What is Fraudulent Transfer
Section 53 of the Transfer of Property Act, 1882 talks about fraudulent transfer. Every owner of a property has the right to transfer his property as he likes. But the transfer must be made with a bonafide intention. Where the transfer is made with a fraudulent intention, it means intending to defeat the interest of creditor or interest of any subsequent transferee. Where the transfer is made with a fraudulent intention, the object of the transfer would be bad in the eyes of equity and justice, though it is valid in law.
Essentials of Fraudulent Transfer
1. Transfer of immovable property.
2. Made with intent to defeat or delay the creditors of the transfer.
3. Shall be voidable at the option of the creditor so defeated or delayed.
But the provisions of this sub-section shall not affect-
A. The rights of subsequent transferee in good faith, for consideration.
B. Any law for the time being in force relating to insolvency.
Note: Partition and family settlement are not transferred under this act. So this section may not apply to partition or family settlement.
Note: Sham transfers mean fictitious transfer/Benami transfer, which is outside the scope of this section.
Section 53 safeguards the interest of a creditor in case of only real transfer, which is made with a fraudulent intention. On the other hand, a sham transfer is actually not a real transfer.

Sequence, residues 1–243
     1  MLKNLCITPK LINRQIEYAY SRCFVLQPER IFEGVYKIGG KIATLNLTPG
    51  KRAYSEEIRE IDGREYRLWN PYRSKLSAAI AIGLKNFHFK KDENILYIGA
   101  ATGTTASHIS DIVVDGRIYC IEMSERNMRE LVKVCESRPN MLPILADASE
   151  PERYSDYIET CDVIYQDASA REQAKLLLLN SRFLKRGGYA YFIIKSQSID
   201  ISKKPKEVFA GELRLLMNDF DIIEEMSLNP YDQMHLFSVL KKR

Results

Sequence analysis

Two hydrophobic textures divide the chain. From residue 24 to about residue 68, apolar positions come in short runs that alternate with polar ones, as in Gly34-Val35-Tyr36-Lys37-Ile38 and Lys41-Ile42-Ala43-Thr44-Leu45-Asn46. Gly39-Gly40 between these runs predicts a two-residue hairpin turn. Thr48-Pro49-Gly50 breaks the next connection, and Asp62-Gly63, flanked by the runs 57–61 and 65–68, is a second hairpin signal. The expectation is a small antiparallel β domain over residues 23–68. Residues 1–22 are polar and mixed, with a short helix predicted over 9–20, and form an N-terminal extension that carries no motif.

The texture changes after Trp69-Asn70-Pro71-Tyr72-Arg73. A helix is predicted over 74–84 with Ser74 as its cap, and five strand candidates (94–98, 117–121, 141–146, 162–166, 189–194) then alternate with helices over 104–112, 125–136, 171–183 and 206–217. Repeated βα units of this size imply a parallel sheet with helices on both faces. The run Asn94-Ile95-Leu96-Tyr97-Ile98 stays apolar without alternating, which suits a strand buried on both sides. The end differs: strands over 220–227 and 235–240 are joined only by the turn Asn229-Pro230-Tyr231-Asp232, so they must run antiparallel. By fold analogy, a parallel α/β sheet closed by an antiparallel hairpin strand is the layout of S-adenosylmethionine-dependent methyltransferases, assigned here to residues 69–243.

Note: Section 53 applies to transfers only of immovable properties. The provisions of this section do not apply to a transfer of movable property.
Musahur Sahu and Another vs. Hakim Lal and Another, 1915
Privy Council held that transfer of property by a debtor to one creditor in preference of the other is not a fraudulent transfer with the intent to defeat or delay the interest of other creditors.
Note: If one creditor represents the other creditors, the purpose of this rule is to protect the debtor from the multiplicity of the suits by the other creditors.
Abdul Shukoor Saheb vs. Arji Papa Rao And Others
Hon’ble Supreme Court held that the creditor might claim the attachment of the property of the debtor to protect the mortgage money.
The creditor will file no separate suit for attachment, and the creditor may seek attachment of the property in section 53.
Provisions Relating to Fraudulent Transfer
The burden of proof lies on the creditors to show that the transfer was made to defeat or delay the creditor.
A transferee who takes property in good faith for consideration is protected. In other words, when a transferee has purchased the property in good faith from a debtor, the creditor cannot make this transfer void.
Section 53 (2) Gratuitous Transfer to Defraud Subsequent Transferee
Section 53 (2) of TPA, provides that gratuitous transfer of immovable property with the intent to defraud a subsequent transferee shall be voidable at the option of the subsequent transferee.
A makes a gift of a house to B in January 1990. In February 1990, A sells the same house to C. Here, B and C are two claimants of the same property.
The general rule is that the first transferee has preference over the second. Under this sub-section, it is provided that if the first transfer is proved to be fraudulent, the subsequent transfer shall prevail over the previous one.
In other words, this sub-section protects the interest of a bona fide transferee for value from a gratuitous fraudulent transfer made earlier.